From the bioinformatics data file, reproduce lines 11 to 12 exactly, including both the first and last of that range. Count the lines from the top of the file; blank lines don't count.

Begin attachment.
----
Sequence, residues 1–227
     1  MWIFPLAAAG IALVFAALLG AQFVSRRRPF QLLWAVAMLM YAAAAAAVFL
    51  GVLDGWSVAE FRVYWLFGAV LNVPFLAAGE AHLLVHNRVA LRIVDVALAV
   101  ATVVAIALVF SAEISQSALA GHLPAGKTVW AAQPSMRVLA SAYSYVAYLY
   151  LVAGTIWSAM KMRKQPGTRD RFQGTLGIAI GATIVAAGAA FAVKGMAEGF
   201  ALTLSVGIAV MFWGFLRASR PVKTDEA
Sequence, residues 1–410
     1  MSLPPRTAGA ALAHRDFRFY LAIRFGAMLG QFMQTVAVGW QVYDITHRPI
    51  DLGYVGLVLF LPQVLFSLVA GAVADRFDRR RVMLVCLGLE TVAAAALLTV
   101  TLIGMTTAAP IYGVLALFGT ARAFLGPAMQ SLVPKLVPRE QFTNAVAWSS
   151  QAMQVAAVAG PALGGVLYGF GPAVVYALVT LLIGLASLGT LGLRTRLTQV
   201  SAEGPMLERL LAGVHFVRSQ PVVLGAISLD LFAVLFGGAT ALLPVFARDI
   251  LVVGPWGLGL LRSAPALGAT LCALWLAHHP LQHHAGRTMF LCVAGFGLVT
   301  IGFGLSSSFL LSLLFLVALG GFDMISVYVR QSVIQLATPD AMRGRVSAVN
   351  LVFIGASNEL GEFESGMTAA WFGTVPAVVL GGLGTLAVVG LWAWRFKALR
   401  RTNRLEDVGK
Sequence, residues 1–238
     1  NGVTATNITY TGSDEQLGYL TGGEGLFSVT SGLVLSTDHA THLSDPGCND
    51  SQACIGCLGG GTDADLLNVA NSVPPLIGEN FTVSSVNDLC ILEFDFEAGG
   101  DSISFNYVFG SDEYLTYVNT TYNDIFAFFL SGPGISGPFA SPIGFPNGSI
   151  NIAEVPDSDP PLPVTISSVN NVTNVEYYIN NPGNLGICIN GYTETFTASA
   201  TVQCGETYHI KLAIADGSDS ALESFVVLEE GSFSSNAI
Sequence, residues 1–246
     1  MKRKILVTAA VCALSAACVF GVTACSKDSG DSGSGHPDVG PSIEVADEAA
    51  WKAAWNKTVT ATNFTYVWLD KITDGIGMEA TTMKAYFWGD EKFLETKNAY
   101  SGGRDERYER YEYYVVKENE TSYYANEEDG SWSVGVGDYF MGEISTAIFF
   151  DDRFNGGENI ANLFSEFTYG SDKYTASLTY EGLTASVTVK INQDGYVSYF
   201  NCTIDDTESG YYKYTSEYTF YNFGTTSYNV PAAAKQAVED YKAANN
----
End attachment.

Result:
   151  QAMQVAAVAG PALGGVLYGF GPAVVYALVT LLIGLASLGT LGLRTRLTQV
   201  SAEGPMLERL LAGVHFVRSQ PVVLGAISLD LFAVLFGGAT ALLPVFARDI